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Letters |

Pesticides, Chloracne, and Porphyria Cutanea Tarda

Jacob Bleiberg, MD; Roger H. Brodkin, MD
JAMA. 1964;190(1):81. doi:10.1001/jama.1964.03070140087031.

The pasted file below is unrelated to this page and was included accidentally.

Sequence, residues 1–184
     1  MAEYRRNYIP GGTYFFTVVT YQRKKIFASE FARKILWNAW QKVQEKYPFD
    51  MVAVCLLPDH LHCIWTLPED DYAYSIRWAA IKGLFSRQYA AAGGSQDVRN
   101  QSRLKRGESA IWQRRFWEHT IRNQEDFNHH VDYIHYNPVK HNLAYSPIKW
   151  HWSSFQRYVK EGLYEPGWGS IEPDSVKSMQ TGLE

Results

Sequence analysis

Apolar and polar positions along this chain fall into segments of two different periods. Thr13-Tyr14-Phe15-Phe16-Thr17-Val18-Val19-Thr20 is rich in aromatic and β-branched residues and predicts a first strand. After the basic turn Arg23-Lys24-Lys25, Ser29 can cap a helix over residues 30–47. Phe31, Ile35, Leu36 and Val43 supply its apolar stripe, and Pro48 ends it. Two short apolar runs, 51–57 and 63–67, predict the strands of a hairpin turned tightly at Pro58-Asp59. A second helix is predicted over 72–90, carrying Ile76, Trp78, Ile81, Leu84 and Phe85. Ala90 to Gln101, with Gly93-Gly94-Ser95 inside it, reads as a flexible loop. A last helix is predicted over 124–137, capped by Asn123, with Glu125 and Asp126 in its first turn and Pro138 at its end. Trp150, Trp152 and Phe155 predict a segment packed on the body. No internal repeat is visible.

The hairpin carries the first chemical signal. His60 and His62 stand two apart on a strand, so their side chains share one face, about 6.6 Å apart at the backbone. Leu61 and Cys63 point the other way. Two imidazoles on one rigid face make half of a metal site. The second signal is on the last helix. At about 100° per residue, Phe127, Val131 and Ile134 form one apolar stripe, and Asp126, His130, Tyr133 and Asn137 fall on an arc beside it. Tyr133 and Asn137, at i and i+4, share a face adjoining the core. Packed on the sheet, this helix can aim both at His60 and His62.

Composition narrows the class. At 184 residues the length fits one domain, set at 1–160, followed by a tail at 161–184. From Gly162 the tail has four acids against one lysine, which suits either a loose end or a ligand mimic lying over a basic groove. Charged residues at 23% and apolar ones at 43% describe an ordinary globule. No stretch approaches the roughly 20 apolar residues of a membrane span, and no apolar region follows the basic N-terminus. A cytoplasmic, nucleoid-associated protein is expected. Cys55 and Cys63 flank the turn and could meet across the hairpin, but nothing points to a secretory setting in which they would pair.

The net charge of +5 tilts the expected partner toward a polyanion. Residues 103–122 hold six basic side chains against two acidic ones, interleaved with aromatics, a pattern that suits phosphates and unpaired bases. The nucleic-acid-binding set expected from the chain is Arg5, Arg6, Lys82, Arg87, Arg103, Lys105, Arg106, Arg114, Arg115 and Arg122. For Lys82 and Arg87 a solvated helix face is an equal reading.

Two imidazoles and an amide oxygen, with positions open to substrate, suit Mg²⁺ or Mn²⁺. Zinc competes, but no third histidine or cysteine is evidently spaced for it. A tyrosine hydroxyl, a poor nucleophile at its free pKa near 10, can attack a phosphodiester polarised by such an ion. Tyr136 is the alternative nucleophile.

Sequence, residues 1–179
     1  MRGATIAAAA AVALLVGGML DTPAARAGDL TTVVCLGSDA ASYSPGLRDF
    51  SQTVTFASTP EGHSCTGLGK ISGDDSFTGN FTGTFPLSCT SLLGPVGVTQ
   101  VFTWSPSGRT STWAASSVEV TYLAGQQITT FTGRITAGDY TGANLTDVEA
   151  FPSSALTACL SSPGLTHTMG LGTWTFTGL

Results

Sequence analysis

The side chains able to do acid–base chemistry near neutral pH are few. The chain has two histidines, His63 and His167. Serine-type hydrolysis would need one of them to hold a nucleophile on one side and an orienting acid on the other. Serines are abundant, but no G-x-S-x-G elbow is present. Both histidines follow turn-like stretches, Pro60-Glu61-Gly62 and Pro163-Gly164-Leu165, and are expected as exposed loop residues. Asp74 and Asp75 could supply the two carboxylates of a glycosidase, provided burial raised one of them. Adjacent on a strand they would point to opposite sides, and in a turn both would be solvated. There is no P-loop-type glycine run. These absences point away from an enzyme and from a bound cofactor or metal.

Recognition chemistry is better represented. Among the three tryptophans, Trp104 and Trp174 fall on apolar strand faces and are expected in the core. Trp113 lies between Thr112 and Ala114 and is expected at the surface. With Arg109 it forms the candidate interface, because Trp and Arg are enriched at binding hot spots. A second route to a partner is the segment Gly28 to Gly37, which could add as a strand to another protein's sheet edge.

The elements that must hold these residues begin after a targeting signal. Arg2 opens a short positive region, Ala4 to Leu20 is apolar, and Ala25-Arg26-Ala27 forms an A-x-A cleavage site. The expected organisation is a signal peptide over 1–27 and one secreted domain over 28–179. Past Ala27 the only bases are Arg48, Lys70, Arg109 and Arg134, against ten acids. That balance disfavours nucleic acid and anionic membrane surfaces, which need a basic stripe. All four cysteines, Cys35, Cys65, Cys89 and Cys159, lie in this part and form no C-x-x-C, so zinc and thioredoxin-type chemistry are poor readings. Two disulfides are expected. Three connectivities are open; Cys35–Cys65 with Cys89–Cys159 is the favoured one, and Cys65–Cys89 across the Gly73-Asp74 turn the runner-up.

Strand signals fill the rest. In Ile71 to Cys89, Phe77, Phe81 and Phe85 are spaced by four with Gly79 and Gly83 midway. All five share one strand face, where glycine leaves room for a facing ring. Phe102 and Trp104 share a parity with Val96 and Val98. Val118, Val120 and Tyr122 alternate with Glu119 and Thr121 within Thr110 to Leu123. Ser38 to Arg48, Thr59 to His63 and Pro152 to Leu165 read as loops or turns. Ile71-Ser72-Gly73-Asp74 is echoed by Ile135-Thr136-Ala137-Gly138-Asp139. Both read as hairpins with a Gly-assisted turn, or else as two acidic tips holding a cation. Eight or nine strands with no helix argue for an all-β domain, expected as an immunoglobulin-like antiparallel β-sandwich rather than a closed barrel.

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To the Editor:—  The terms, 2,4-dichlorophenol and 2,4,5-trichlorophenol, are the commonly accepted designations for the phenoxy acetic acids of these compounds. It makes no difference if the basic compound is acidified or esterified, or synthesized into a salt. The point is that the benzene ring with two or three chlorine atoms attached is involved in the etiology of chloracne and/or symptomatic porphyria cutanea tarda (PCT).These herbicides are indeed useful. We simply pointed out that, at least in their synthesis, toxic side effects are to be looked for.We have had a report, documented with photographs, of chloracne occurring in an agricultural area where the finished phenoxy compound is being used. This was not stressed in the communication, since we were concerned with the occurrence of PCT and chloracne in the manufacture of herbicides.


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